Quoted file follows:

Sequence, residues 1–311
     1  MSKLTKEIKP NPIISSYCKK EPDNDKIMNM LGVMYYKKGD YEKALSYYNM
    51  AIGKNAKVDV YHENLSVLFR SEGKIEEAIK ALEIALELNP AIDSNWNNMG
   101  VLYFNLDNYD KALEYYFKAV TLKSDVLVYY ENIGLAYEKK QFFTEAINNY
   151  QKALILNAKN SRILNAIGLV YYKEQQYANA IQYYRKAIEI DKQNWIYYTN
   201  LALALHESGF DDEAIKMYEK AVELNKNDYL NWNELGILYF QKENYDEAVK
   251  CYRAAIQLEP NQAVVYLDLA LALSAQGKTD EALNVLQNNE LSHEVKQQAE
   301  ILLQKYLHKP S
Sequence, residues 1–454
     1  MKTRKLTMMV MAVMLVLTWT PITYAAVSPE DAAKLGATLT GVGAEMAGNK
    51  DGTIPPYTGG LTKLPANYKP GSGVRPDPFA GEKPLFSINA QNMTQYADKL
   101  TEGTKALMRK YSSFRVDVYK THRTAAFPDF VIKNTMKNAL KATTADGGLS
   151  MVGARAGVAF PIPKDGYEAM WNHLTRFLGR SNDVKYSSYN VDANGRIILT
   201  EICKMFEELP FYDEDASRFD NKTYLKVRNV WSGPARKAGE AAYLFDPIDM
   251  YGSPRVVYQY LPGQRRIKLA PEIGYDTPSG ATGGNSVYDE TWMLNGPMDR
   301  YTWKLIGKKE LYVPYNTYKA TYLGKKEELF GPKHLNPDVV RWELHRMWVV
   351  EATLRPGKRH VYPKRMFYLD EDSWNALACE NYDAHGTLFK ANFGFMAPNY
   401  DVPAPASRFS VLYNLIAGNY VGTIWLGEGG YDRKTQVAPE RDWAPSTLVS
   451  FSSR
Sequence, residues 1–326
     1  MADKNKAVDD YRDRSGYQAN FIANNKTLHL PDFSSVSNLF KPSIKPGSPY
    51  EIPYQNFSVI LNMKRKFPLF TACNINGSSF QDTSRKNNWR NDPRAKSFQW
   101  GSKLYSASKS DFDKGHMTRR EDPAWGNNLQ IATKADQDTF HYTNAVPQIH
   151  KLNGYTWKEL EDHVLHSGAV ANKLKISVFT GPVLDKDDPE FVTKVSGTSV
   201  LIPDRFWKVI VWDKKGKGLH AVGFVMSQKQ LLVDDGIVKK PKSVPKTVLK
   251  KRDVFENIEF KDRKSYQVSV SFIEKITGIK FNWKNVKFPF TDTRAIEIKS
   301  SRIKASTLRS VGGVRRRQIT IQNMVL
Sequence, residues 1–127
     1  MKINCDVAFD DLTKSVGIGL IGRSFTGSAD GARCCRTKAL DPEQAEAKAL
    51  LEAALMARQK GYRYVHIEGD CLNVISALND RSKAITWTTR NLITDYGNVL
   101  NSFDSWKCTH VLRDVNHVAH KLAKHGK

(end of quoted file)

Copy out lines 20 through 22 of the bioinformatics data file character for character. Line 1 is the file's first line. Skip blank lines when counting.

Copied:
Sequence, residues 1–326
     1  MADKNKAVDD YRDRSGYQAN FIANNKTLHL PDFSSVSNLF KPSIKPGSPY
    51  EIPYQNFSVI LNMKRKFPLF TACNINGSSF QDTSRKNNWR NDPRAKSFQW